Low interest rates are a borrower’s best friend, a fixed-income investor’s worst nightmare, and one reason many people suggest the integrity of global stock markets is in serious jeopardy.
It’s one thing when a group of individuals opt out of bonds, CDs and money markets that yield close to zero, or worse, like they do today, and into higher-reward, higher-risk equities. For years, rock-bottom interest rates have triggered this very natural, logical rotation and it’s become more apparent than ever in recent months.
Nearly $11 trillion, or roughly one-quarter, of global fixed-income assets yielded below zero at the end of last year. So, it’s no surprise that in the first two months of 2017, investors yanked $41.5 billion from bond funds while almost $70 billion flowed into NYSE-traded stock funds, according to Bank of America Merrill Lynch.
You might presume that consumer confidence, a robust stock market and growing economy are additional driving forces behind the shift. However, is all this elation justified?
Financial analysts and gurus suggest the answer is “no”, that there’s nothing natural or logical happening in the stock market, courtesy of central banks. Over the past several years, there have been more actions by central banks to keep stock prices up than ever before, such as adjusting monetary policy, quantitative easing programs, and keeping interest rates low.
But, the new practice of buying stocks to stimulate an economy can be downright dangerous.
Today, many banks across the world are throwing caution to the wind by dumping low-yielding, liquid positions for riskier stock funds—a major no-no in the eyes of the investment industry.
Central banks are under pressure to grow and diversify foreign currency reserves, and there are a lot of them. At the end of 1995, they totalled $1.4 trillion. By the third quarter of 2016, reserves exploded 10-fold to $11 trillion, according to the International Monetary Fund.
So, we’re talking about large chunks of money injected and withdrawn from global markets on a regular basis with little concern for fundamentals.
That’s the definition of “rigging” say the experts. While one force driving the change in banks’ investing habits is the hunt for higher returns, another school of thought says it’s to create a “wealth effect”, with the hopes that stock market gains will encourage citizens to spend and, in turn, grow a country’s economy.
We can look to the Bank of Japan as one of the most prominent and recent examples—which as of this writing owns two-thirds of all Japanese ETFs. In an effort to cure Japan’s economic hangover from a massive credit bubble in the early 1990s, the country has switched from a stimuli-creating strategy (increasing inflation expectations with negative rates) to blatantly attempting to raise stock prices so that consumers see a healthy market and growing assets as a green light to spend.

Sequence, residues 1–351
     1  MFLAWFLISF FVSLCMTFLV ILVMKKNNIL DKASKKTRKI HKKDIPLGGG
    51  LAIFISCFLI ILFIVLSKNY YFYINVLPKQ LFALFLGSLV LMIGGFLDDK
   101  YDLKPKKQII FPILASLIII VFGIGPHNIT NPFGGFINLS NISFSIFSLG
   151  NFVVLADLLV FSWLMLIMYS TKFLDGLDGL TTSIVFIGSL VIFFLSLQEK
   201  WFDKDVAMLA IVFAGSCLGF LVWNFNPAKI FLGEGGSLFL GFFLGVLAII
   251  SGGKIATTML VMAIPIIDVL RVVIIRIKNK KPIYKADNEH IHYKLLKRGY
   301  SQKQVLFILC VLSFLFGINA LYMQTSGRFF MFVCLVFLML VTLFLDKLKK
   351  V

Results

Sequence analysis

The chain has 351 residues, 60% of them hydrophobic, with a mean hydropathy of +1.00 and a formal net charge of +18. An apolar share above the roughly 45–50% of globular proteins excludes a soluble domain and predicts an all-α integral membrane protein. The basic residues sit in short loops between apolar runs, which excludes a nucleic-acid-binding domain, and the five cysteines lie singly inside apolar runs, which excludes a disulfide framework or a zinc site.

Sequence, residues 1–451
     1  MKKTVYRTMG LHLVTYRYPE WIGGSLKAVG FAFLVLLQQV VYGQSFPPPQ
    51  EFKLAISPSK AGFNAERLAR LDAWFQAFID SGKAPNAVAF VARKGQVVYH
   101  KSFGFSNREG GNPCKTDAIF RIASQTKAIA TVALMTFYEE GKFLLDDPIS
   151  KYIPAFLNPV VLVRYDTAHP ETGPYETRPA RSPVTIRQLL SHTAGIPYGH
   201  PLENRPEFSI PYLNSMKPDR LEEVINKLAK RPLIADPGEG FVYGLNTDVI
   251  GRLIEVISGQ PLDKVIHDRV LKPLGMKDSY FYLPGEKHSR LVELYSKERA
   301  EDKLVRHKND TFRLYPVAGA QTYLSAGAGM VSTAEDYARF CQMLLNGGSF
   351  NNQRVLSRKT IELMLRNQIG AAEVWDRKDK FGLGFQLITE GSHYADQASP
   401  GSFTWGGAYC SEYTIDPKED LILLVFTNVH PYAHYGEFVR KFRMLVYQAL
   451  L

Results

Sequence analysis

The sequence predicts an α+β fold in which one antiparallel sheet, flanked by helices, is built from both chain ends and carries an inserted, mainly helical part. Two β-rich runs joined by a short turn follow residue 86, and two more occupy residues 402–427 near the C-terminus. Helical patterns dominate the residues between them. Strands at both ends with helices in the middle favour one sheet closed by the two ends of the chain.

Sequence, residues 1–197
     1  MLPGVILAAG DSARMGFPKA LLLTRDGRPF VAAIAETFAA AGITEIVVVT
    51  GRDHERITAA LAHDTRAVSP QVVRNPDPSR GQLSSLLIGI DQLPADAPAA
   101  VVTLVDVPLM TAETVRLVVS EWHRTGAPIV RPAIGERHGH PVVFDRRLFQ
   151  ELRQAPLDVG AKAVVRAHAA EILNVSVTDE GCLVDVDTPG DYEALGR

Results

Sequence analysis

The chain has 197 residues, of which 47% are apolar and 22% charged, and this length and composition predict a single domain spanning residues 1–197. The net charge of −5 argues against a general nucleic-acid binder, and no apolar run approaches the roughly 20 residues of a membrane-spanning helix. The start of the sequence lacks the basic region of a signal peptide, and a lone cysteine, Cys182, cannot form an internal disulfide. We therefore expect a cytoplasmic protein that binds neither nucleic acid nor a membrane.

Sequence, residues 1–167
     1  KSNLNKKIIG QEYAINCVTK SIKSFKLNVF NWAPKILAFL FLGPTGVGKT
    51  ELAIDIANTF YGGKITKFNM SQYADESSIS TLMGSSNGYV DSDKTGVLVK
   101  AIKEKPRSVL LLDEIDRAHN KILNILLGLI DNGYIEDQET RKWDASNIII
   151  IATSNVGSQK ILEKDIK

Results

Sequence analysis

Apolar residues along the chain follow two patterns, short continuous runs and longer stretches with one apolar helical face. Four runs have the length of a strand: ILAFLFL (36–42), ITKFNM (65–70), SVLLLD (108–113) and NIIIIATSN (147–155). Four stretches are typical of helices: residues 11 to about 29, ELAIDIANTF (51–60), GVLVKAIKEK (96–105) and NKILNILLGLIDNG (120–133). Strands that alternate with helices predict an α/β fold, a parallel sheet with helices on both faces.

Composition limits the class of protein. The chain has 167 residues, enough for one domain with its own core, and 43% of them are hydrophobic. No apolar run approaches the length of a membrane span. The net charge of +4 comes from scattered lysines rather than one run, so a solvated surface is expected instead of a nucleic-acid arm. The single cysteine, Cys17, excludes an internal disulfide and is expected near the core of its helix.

The BOJ now holds a large share of stocks listed on the Tokyo Stock Market, causing many investors to focus on the stocks it is buying rather than on company fundamentals where it should be. The bank purchases ETFs according to the market weights of Japan’s Nikkei 225, the Topix and the smaller JPX 400 indexes. These asset purchases have essentially weakened the correlation between the US dollar and the yen. Typically, a decline in the yen versus a strong US dollar would cause Japanese stocks to rally; and a rise in the yen caused stocks to fall. That’s no longer a given.
The BOJ buying program is designed to favor companies with good corporate governance such as those that have complied with the Tokyo Stock Exchange’s corporate governance code and reducing or eliminating holdings in other “less honorable” companies. The bank is now one of the top five owners of 81 companies on Japan’s Nikkei225 Index and is fast becoming the number one shareholder of more than 50 of those firms, according to various estimates.
Opponents say all of this buying is artificially inflating valuations, reducing liquidity and will eventually result in volatility or worse. Unfortunately, Japan is not the only offender. The Bank of England has a corporate debt purchase program worth $13 billion, and the European Central Bank has a similar one.
The Swiss National Bank has taken asset buying programs to a whole new level. In 2009, equities only made up seven percent of the SNB’s reserves, four years after it started buying them. Now they are 20 percent, including investments of $1.7 billion in Apple Inc., $1.08 billion in Exxon Mobil Corp., and $1.2 billion in Microsoft Corp., according to third-quarter 2016 Securities and Exchange Commission filings. The bank manages $643 billion in foreign reserves.
Although there’s industry-wide concern that this practice will eventually result in an increasingly inefficient market in which a lack of liquidity makes it very difficult for investors to sell stocks, it appears that there’s no end in sight to central banks buying equities.
According to a recent study by Invesco that polled 18 currency reserve managers on central bank investments, nearly 80 percent of respondents said they planned to invest more in stocks, and 43 percent in corporate debt. They cited low government-bond returns as their motivation.
So, if this so-called charade continues and higher asset prices are merely a result of central banks’ willy-nilly buying strategies, the bottom could fall out of the current bull market faster than you can spell c-r-a-s-h.
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